Firefighters use one of two main strategies to attack ground fires – indirect and direct. Indirect line is created at a safe distance away from the advancing fire. Firefighters on the Bruler Fire initially used the indirect line strategy to engage the fire. Direct line is created at the edge of the advancing fire. Today, firefighters are moving to use the direct line strategy around the perimeter of the fire as hazards are mitigated. Direct line increases the probability of keeping the Bruler Fire within its current footprint. “We are taking advantage of the moderated weather conditions to get as close to direct on the fire line as possible,” said Incident Commander Brian Gales.
A large closure area is necessary to ensure that firefighters can focus on managing the fire and not needing to evacuate visitors should conditions on the fire change rapidly. We appreciate the support of the public in allowing us to stay focused on firefighting and we will reduce the closure area as soon as possible. Safety issues on the fire include large rocks and trees falling onto roadways without warning due to the fire.
FOR MORE INFO ON FIRES in The AREA: https://inciweb.nwcg.gov/
Drought Conditions Continue to Worsen in Oregon
Over 56% of Oregon faces Extreme Drought conditions – with nearly 17% of the state experiencing Exceptional Drought, the worst category.
All told, over 90% of the state qualifies as Severe Drought or worse.
That’s according to new metrics released each Thursday by the Drought Monitor.
The percentage of the state suffering Exceptional Drought has climbed steadily from 0% on January 1 to 2% in April. Just in the last week, that percentage jumped from 11.62% to 17.12%.
According to the State of Oregon, Gov. Kate Brown has declared a drought in 19 counties, including Douglas. Requests from both Coos and Lane counties to declare a drought are pending.
Oregon reports 539 new confirmed and presumptive COVID-19 cases, 1 new death
There is one new COVID-19 related death in Oregon, raising the state’s death toll to 2,834.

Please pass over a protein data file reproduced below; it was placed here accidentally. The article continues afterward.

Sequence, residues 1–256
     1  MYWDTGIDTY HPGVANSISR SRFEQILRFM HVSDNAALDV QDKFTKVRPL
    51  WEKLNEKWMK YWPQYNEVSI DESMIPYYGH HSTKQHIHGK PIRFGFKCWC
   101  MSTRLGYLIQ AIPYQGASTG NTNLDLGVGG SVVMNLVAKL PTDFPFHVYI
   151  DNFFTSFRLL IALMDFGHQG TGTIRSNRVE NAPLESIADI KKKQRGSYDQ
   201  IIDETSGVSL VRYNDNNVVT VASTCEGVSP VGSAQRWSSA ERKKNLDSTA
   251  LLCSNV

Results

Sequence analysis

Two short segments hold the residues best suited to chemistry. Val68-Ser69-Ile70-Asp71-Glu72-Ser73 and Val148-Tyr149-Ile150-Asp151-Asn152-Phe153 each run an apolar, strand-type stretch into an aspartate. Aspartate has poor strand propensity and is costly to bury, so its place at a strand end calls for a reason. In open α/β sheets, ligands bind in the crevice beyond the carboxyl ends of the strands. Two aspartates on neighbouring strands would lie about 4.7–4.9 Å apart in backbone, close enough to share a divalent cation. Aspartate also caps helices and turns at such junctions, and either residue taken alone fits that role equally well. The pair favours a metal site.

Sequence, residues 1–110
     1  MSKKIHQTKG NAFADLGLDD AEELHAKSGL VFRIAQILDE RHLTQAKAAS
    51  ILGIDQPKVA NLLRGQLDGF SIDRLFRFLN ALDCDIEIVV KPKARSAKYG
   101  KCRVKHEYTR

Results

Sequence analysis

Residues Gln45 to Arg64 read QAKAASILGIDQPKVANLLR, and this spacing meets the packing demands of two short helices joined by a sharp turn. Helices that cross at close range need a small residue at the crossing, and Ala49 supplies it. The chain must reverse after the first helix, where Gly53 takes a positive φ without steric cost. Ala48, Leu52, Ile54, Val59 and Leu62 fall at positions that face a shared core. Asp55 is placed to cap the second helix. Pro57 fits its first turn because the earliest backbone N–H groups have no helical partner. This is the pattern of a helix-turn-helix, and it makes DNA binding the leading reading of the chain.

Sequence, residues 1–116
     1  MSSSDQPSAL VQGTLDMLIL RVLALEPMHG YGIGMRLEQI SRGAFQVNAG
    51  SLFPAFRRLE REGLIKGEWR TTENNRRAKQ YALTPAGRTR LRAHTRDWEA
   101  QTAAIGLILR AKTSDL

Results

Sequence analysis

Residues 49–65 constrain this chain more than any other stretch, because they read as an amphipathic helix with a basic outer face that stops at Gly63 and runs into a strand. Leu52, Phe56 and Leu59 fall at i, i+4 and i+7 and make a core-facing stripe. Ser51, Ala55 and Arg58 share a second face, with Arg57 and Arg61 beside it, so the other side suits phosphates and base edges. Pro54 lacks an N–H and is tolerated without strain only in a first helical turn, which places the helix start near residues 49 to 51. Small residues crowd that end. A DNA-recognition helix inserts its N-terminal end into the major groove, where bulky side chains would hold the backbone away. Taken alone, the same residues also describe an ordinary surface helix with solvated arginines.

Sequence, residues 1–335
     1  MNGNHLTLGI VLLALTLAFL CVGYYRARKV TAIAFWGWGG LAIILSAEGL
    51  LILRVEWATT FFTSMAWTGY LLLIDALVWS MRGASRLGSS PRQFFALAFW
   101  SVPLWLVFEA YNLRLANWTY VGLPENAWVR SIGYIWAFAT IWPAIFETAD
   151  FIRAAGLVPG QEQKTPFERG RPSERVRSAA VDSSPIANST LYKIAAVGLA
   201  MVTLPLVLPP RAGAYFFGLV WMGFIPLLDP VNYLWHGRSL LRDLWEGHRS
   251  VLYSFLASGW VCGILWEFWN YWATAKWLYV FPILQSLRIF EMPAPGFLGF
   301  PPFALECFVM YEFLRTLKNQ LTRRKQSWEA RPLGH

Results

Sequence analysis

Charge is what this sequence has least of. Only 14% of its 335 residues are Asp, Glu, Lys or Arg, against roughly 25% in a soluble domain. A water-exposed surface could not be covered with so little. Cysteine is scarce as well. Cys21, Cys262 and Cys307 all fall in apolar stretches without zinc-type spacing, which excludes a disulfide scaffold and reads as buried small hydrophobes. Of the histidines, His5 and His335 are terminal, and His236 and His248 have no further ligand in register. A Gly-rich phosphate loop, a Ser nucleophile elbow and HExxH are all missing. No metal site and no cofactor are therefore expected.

Oregon Health Authority reported 539 new confirmed and presumptive cases of COVID-19 as of 12:01 a.m. today, bringing the state total to 214,263.
The new confirmed and presumptive COVID-19 cases reported today are in the following counties: Baker (1), Benton (7), Clackamas (44), Columbia (8), Coos (6), Crook (3), Curry (3), Deschutes (28), Douglas (19), Grant (1), Hood River (1), Jackson (63), Jefferson (6), Josephine (27), Klamath (3), Lane (50), Lincoln (2), Linn (24), Malheur (4), Marion (36), Morrow (3), Multnomah (54), Polk (8), Tillamook (1), Umatilla (70), Union (3), Wallowa (5), Wasco (4), Washington (43) and Yamhill (12).
COVID-19 Surging Again In Oregon
State Epidemiologist Dr. Dean Sidelinger says since Oregon reopened on June 30th, new daily cases have nearly doubled and the percentage of positive cases has jumped by 70 percent.
He says it’s due to unvaccinated people and the highly contagious Delta Variant, which is now the dominant strain across the state. He says the good news is, vaccines are working.
More than 90 percent of new cases in June were people not fully vaccinated.
OHA COVID-19 Press Conference, July 22, 2021
Oregon Representative Gary Leif Dies
The Douglas County Board of Commissioners announced the unexpected death Thursday of Oregon State Rep. Gary Leif, R-Roseburg.
Leif’s cause of death wasn’t immediately known.
The commissioners and their families extended their condolences to Leif’s family, friends and colleagues for his service to the county and House District 2, which he has represented since 2018. The district comprises sections of Douglas, Jackson and Josephine counties.
Commissioner Tom Kress said in the news release that Leif had supported him in his capacity as a county commissioner and also served as a fellow United Community Action Network, or UCAN, board member.
“He truly loved Douglas County and dedicated his life to helping and serving others. This is a tremendous loss for our County,” Kress wrote.
Leif previously served a year and four months as a Douglas County commissioner, winning election in 2016 before being appointed to the House seat previously held by Dallas Heard, who was appointed to the Senate in early 2018.
“Gary showed up for his first day as County Commissioner ready to hit the ground running,” said Commissioner Chris Boice. “His enthusiasm about serving this county was infectious, and he worked hard during his time as a County Commissioner.”
House Speaker Tina Kotek, D-Portland, wrote on Twitter Thursday morning that Leif was a “champion for his district and a lovely man.”
“My prayers are with his family and community,” Kotek wrote.
Rep. Bill Post, R-Keizer, also expressed his grief after learning about Leif’s death. Post described Leif as one of the “sweetest and kindest” people he’s ever known. “We will miss him greatly and pray for his family,” Post said on Twitter.
Commissioners from Douglas, Jackson and Josephine counties will be responsible for tapping Leif’s replacement from a list of nominees to be compiled by the Oregon Republican Party.